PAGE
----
The Western Australian Farmers Federation (Inc.) (WAFarmers) is calling for the continued use of Genetically Modified (GM) crops, as part of its 2013 Western Australian State Election Policy.
WAFarmers President, Dale Park, said WAFarmers’ Genetically Modified Organisms (GMO) policy has, for a number of years, supported the technology through the appropriate use of GM crops governed by industry-agreed protocols relating to storage, transport and buffer zones.
“WAFarmers continues to work with the broader industry to ensure that ‘co-existence’ is more than a word which is constrained by a multitude of interpretations,” Mr Park said.
“The use of GM is still a very polarising topic, and unfortunately, this sometimes removes the opportunity for a debate around buffer zones, tolerance levels and market acceptance based on facts, reason and level-headed discussion.”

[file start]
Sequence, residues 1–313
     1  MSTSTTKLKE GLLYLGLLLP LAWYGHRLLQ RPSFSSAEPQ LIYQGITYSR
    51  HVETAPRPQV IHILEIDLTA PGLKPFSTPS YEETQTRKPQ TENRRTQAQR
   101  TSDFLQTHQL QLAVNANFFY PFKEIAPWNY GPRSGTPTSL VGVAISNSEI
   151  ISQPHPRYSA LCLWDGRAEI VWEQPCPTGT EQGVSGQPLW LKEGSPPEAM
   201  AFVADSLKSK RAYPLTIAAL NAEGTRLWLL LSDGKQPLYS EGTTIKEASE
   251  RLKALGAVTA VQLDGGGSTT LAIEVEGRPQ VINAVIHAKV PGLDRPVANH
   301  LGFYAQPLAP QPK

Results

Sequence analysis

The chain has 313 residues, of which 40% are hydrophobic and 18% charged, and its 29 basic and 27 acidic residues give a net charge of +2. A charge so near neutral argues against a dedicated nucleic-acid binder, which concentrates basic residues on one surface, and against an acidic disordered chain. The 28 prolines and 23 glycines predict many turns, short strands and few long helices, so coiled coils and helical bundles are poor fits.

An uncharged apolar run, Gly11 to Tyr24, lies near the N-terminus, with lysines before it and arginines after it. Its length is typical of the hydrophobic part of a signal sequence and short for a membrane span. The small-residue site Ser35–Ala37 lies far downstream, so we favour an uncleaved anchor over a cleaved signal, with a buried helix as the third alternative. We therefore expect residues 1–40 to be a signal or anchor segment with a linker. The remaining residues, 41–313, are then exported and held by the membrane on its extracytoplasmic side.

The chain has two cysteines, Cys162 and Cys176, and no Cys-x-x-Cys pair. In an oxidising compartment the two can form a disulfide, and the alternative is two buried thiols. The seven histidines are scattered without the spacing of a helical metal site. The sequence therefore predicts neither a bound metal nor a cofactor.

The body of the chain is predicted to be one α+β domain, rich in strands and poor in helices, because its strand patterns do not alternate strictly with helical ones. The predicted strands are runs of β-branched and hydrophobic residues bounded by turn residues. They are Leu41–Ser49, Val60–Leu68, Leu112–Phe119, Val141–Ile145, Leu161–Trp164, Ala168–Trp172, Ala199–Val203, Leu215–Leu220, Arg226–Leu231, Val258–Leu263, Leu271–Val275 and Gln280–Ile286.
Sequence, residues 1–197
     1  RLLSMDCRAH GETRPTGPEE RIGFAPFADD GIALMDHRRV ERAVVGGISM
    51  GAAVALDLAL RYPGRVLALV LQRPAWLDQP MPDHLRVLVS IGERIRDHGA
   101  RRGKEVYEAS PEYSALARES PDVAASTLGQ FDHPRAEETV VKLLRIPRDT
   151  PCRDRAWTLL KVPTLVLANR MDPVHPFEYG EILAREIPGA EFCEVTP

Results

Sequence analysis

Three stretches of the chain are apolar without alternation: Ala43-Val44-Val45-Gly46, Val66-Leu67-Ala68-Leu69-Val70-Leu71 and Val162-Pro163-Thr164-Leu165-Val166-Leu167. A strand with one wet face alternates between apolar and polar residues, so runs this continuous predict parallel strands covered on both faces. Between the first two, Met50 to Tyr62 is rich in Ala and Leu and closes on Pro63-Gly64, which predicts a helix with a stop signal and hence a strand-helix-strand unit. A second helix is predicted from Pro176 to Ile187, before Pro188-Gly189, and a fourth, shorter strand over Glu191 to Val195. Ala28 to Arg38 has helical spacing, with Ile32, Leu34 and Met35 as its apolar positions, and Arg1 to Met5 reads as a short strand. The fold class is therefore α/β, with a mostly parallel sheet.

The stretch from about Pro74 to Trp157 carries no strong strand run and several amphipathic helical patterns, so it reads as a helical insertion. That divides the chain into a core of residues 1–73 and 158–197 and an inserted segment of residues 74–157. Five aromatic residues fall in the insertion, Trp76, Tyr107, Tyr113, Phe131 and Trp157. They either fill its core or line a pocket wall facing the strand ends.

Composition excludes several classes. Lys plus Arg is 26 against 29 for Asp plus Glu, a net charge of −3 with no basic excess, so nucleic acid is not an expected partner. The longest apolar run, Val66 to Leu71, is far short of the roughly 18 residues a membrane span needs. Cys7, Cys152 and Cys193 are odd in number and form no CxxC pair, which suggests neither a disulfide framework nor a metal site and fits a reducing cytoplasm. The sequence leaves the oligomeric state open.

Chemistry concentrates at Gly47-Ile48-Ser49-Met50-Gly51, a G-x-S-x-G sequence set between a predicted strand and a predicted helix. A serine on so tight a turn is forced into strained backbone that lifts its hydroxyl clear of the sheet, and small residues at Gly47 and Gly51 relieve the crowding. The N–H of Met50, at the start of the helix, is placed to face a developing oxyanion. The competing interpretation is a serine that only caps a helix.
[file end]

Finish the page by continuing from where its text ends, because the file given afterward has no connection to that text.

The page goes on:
As the State’s farmers continue to adopt GM technology, WAFarmers has attempted to engage a range of parties to establish a broad dialogue on co-existence.
“Our discussions with other parties, regarding GM use, have drawn a range of responses, however few of them with enough discussion on this topic to reach a satisfactory solution to all parties.
“WAFarmers want a commitment for any State Government to allow the State’s farmers the choice on GM crops and continue to legislate for their use,” Mr Park concluded.
THE WESTERN AUSTRALIAN FARMERS FEDERATION (INC.) (WAFARMERS) GM POLICY
WAFarmers supports the lifting of the current State Government moratorium on the commercial release of GM canola.
WAFarmers supports future research and development into GM crops and pastures.
WAFarmers supports Australian and State Government tolerance levels of 0.9 per cent in crops and 0.5 per cent in seeds.
WAFarmers supports the OGTR and its charter to protect the health and safety of Australians and the Australian environment.
WAFarmers supports further development of protocols for the commercialisation of GM grains in the WA grains industry including intellectual property rights, contamination, segregation, licensing, protection of individual growers and legal liability issues.